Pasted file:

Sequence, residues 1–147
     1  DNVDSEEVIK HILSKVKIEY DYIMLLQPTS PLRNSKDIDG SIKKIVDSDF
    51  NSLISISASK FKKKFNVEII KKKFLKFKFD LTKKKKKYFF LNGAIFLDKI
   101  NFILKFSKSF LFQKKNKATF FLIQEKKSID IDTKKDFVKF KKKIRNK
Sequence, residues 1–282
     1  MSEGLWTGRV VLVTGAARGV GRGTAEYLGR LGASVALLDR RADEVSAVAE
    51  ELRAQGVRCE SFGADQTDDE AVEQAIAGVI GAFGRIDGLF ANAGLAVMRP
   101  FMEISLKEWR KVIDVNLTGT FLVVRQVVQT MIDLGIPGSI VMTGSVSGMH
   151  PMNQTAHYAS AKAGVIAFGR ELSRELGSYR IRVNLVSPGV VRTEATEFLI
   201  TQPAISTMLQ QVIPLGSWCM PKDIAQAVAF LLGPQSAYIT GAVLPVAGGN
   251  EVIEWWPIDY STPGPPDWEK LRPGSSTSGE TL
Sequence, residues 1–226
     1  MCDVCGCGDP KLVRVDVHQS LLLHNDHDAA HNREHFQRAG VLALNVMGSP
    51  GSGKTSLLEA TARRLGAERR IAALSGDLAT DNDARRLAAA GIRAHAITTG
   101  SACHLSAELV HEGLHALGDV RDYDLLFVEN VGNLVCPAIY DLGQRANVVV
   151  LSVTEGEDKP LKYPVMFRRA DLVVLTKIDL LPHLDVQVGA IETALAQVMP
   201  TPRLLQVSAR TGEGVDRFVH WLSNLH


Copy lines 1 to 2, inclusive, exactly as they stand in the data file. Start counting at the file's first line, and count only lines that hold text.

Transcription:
Sequence, residues 1–147
     1  DNVDSEEVIK HILSKVKIEY DYIMLLQPTS PLRNSKDIDG SIKKIVDSDF